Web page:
Ha'sean Clinton-Dix (Alabama): Ha-Ha is a big, rangy, hard-hitting safety. He's capable in zone coverage but shouldn't be in man coverage. [Prospect Profile]

Calvin Pryor (Louisville): Calvin Pryor is the other top safety in this year's class. The biggest difference between Pryor and Clinton-Dix is about two inches in height. Otherwise, they are similar athletes. Like Clinton-Dix, Pryor is a hard-hitting, rangy center fielder with coverage ability and decent ball skills. [Scouting Report]

LaMarcus Joyner (Florida State): Joyner hardly fits the Giants' mold for a defensive player. They generally like big, long, athletes. Joyner, while a good athlete, isn't a H/W/S phenom. He is, however, a very good football player. Joyner is versatile (able to play safety and cornerback), a play-maker, and a leader in Florida State's locker room. He's capable in coverage, has no fear playing the run, and is excellent at separating player from ball. All along my comparison has been Tyrann Mathieu without the drama.

Jimmie Ward (Northern Illinois): Ward is the type of safety scouts might not love (due to being shorter than ideal, and not an elite athlete), but he is also the type of safety every defensive coordinator loves. He is very, very fluid, with good feet and hips for coverage. He takes good angles in the open field and plays the run well. Ward has production as well, with seven INTs and 10 pass breakups in 2013), and 62 solo tackles.

Deone Bucannon (Washington St.): Bucannon is a big, physical safety. He isn't a great coverage safety, but he is the kind of defenders that receivers fear going over the middle. Bucannon has great size and length, and looks to use his size, seeking contact. He would bring the same kind of physical presence that the Giants could lack if Hill is no longer on the team. On the other hand, Bucannon might struggle in man coverage, and his aggressiveness can hurt him with missed tackles or falling for fakes. Bucannon has the mentally to be a good, even great, special teamer while he adjusts to the pro game.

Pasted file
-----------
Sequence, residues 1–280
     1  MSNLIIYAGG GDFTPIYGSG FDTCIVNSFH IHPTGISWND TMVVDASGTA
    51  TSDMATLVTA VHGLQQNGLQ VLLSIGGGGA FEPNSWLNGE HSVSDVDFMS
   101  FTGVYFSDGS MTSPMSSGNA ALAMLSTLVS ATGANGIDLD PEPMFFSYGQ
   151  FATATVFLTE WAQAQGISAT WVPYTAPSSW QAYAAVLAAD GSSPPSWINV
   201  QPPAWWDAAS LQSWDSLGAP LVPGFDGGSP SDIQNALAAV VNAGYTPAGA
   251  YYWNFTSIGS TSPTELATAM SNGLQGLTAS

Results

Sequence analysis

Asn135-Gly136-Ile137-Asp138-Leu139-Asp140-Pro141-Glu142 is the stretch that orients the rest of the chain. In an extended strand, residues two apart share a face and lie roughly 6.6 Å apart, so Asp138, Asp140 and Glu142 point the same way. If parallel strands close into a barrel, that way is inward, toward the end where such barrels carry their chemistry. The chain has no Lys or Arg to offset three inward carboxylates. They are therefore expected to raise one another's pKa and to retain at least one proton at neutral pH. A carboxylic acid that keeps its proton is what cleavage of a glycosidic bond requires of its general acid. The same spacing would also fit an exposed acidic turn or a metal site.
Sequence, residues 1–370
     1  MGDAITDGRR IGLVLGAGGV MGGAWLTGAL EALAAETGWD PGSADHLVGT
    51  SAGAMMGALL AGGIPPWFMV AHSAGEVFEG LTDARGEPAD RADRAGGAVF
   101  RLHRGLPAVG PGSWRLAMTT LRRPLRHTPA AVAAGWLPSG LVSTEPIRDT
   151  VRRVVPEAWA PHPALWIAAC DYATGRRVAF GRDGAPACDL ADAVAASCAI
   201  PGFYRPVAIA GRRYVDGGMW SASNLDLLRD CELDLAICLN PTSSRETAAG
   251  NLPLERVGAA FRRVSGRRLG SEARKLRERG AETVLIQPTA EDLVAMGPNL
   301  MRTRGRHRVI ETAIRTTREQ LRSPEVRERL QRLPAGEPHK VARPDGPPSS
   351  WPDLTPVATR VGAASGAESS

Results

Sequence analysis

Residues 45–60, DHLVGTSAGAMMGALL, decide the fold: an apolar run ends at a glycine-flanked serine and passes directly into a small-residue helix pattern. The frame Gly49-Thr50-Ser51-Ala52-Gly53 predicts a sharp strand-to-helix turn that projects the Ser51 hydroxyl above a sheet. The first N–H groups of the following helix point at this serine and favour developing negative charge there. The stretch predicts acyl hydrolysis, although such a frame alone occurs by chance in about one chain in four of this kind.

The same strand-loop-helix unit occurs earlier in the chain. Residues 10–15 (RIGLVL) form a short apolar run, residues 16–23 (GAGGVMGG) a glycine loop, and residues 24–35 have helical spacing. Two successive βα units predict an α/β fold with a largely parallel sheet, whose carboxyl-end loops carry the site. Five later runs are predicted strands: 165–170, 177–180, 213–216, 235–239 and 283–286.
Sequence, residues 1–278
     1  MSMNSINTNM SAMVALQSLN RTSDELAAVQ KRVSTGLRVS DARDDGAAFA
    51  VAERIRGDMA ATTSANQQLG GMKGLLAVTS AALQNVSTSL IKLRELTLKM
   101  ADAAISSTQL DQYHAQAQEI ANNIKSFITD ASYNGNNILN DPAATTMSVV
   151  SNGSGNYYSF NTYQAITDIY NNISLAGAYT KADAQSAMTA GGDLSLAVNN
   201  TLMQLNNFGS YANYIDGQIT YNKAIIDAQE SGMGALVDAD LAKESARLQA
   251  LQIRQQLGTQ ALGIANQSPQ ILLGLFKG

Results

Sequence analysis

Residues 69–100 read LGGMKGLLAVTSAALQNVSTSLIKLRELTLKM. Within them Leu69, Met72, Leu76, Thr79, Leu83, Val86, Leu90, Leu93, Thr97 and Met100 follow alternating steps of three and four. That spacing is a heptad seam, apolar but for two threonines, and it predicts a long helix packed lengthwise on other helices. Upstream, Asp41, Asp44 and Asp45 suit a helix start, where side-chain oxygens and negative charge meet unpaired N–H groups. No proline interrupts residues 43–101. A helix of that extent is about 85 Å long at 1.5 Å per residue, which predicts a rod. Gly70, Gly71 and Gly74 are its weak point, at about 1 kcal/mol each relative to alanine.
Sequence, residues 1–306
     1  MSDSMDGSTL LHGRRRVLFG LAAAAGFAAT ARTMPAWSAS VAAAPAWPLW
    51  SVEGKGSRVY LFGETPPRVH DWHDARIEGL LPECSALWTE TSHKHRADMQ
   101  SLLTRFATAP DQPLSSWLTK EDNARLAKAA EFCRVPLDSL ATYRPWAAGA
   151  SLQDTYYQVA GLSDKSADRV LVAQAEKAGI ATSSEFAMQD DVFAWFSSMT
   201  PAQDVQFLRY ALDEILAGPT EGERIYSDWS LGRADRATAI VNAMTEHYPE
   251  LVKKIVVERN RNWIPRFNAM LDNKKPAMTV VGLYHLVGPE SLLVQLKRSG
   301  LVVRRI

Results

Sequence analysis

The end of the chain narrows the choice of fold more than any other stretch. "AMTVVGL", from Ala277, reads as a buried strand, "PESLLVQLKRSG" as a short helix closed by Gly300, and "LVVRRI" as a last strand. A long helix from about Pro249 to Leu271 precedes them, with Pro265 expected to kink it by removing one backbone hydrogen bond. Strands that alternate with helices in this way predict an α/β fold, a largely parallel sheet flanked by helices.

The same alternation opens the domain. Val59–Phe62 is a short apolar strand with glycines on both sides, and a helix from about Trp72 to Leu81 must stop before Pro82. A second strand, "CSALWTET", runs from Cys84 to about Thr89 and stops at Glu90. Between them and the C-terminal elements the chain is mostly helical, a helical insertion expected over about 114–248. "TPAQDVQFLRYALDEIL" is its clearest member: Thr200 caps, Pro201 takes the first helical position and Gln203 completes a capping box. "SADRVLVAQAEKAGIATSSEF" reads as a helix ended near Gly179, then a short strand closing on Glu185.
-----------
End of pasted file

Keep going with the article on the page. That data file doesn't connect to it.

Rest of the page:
Ed Reynolds (Stanford): Reynolds was in the conversation for top safety prospect before the start of the 2013 season. However, because he hasn't consistently produced turnovers, he hasn't been getting much press through the draft process. He has the ideal frame for the position, and is coming off a productive season. However, like many of Stanford's defenders, Reynolds is smart and instinctive, but could be summed up as a better football player than athlete.

Tre Boston (North Carolina): I just had to tack Tre Boston on here as he's one of my top hidden gems. Boston is a good athlete who is remarkably fluid in coverage (played cornerback in the past), with ball-hawking skills and the range to play center field. He is also a tremendously hard hitter. In fact, the swagger and almost reckless abandon he plays with reminds a bit of Will Hill. He's prone to not believing what he sees and sometimes takes false steps, though he has the athleticism to recover. If he can iron that out and trust instincts, Boston has the potential to be a tremendous player.

Final Thoughts

So there we have it. If the worst happens and Hill and the Giants part ways and the Giants feel the need to add to their depth chart at safety, this is not a bad draft in which to do so. While they might not look to the top prospects (barring potential trade or some nightmare scenario where no quarterbacks go in the top 11, and all their primary targets are gone), there is some solid and versatile depth at the safety position in this draft.

It also bears mentioning that Rolle is in the final year of his contract. The Giants do try to plan ahead when drafting, and the possibility that Rolle might not retire a Giant has to have occurred to them. That scenario has to carry more weight in light of Hill's continued troubles.